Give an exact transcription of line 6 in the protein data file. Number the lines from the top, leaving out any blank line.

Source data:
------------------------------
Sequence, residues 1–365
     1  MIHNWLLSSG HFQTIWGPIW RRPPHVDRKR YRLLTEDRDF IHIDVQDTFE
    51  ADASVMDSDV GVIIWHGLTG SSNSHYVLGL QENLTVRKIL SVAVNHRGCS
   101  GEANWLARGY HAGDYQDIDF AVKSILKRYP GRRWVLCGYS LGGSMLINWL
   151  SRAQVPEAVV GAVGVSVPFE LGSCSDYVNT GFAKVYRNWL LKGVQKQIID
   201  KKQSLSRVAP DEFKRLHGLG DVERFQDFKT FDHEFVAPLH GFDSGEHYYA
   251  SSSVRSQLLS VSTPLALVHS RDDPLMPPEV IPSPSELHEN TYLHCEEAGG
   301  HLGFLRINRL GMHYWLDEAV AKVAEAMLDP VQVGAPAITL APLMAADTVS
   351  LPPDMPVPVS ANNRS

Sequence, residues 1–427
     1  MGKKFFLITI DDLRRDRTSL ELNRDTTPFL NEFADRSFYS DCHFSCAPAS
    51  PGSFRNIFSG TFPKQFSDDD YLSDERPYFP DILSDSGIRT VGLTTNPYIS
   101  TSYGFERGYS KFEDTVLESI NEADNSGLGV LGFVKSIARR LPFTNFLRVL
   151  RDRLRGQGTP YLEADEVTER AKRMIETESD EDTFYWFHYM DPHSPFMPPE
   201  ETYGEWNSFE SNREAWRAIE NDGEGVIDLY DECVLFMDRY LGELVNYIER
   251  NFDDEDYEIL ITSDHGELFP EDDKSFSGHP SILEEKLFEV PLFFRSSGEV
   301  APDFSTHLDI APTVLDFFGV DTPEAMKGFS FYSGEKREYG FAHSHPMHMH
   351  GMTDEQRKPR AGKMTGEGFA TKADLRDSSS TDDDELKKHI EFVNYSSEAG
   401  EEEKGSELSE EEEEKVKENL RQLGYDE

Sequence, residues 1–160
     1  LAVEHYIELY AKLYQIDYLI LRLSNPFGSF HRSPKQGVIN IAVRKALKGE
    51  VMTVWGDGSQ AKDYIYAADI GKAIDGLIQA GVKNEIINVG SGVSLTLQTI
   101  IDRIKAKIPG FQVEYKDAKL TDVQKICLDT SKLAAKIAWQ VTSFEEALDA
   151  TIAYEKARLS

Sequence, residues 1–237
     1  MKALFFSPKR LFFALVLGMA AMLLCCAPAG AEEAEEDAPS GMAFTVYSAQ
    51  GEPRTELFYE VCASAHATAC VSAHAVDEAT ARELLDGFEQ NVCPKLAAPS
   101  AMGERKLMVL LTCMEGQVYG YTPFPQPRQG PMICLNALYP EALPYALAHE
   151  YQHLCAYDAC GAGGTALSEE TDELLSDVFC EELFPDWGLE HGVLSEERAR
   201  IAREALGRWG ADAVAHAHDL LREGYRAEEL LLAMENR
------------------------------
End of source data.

   201  KKQSLSRVAP DEFKRLHGLG DVERFQDFKT FDHEFVAPLH GFDSGEHYYA